PC: I’ve never thought about that. That’s a good point. Maybe. Who knows? Certainly, that holds true for women. There’s a segment in Sans Soleil in Cabo Verde. [Director Chris] Marker says the Cape Verdeans are people of waiting, especially the women. Men go and women stay behind and face the sea like sentinels. ‘A people of sentinels,’ that’s his phrase. That was my first impression when I went there the first time, before I shot Casa de Lava, a long time ago — the solitude of the women. The kind of sadness or melancholy feeling of waiting of longing.
H: You say you hadn’t thought about this element. Is your thematic exploration and expression more instinctual? I’ve read other interviews that you prefer to leave meaning to viewers to interpret or discuss. Obviously, the technical aspects have a ton of planning put into them.
PC: Yeah, but also, perhaps more than certain filmmakers — perhaps I’m wrong or being a little bit pretentious — I tend to have this obsession with a balance between what’s in front of and behind the camera. So we’re talking about ideas, economy, every art, everything you can think of. I depend on reality. I depend on society at that moment. I depend especially on the actors, because they are the screenwriters. I depend on their health. I depend on their humor, because we tend not to sign conventional contracts; it’s more based on trust.
I wouldn’t say it’s an intellectual work. I was a student of history, I had to memorize some things for a exam or something, but the idea was to study and then research or go around places and see things and hear things and read things. It’s a little bit the same here. It depends on every relation. In the case of Vitalina, it was the meeting of two sensibilities, hers and mine. What she’s telling me, what she’s proposing, I hear, collect. It interests me. I think it could make a good scene, an interesting moment. I organize, I concentrate or reduce a lot through a sort of permanent rehearsal on film, which is also something that not a lot of filmmakers do. I’ve been doing that since I’ve been doing digital. It’s a way of seeing what we want to do. All the rehearsals, all the work we do, the preliminary talk or just small talk, leads up to a kind of ‘Yeah why not?’ moment. As soon as that happens, I record. I like that, the ritual of the take.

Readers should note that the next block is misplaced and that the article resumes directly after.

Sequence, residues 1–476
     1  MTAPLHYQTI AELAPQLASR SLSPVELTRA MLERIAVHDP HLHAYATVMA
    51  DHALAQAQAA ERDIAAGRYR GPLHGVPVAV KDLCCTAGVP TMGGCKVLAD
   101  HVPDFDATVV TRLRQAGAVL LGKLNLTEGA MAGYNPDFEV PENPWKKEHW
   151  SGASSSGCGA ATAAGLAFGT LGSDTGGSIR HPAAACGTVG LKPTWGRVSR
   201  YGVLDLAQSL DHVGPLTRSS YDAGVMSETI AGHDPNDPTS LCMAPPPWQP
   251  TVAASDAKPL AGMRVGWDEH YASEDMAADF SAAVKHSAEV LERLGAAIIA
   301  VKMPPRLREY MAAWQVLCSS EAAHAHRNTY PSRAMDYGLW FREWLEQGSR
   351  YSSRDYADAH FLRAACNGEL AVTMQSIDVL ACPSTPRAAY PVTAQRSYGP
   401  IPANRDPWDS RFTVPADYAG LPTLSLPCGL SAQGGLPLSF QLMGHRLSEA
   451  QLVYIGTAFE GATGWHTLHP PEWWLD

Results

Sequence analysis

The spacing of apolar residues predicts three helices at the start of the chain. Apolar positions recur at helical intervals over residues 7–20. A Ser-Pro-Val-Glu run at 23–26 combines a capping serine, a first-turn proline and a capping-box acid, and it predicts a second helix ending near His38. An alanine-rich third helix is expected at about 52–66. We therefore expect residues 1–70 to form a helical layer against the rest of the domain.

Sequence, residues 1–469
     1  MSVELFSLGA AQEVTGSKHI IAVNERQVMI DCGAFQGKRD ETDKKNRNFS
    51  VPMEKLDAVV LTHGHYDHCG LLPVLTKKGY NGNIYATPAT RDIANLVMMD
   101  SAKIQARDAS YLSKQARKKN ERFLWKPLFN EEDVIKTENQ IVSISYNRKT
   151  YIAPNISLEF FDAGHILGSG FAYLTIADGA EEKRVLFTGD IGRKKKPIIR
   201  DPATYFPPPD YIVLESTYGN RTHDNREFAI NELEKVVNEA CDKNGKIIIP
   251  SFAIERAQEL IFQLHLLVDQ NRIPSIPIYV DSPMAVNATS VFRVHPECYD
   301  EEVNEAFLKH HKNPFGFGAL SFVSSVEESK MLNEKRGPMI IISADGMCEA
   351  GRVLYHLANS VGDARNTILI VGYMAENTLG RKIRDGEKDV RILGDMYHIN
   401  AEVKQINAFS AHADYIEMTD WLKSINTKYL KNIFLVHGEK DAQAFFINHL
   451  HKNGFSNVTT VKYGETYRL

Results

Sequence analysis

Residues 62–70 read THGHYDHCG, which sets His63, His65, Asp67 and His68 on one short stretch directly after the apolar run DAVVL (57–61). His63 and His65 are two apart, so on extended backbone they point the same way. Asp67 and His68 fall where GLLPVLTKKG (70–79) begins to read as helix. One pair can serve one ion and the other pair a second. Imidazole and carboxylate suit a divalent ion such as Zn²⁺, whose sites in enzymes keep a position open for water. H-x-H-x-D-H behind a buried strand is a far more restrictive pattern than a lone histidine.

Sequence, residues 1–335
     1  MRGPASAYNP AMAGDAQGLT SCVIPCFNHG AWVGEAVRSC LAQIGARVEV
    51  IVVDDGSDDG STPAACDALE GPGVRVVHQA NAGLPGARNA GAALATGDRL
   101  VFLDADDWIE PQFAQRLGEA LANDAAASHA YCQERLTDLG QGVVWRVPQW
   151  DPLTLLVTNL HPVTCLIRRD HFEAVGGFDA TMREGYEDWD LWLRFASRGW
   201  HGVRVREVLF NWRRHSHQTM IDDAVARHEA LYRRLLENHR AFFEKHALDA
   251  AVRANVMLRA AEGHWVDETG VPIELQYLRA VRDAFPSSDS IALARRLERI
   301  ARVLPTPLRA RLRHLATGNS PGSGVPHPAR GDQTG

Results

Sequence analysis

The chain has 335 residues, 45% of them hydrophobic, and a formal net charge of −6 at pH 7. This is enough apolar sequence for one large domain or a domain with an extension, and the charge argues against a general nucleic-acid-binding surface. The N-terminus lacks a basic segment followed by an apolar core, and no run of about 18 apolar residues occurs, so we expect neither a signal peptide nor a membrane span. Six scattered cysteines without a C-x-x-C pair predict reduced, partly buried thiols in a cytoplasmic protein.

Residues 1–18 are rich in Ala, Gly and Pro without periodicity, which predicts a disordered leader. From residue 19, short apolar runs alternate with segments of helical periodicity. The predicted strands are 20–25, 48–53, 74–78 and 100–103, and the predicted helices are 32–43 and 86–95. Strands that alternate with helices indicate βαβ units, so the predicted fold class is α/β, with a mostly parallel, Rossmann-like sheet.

There’s the truthful observation by Godard that you have to see what you shoot. So I write not that much. It’s a very verbal work with the actors. We take notes, if I write something, if Vitalina writes something — and she had to write two or three things, like letters. And then from Take 1 to 2 to 30, content and form begin to work and mingle, and finally something is concentrating in a good take or a good scene. It’s a bit different from a lot of work done in cinema. In a way it’s closer to theater; it’s just that we don’t have a play at the end.
H: I’ve read you call this a sort of ‘communist’ form of filmmaking in another interview.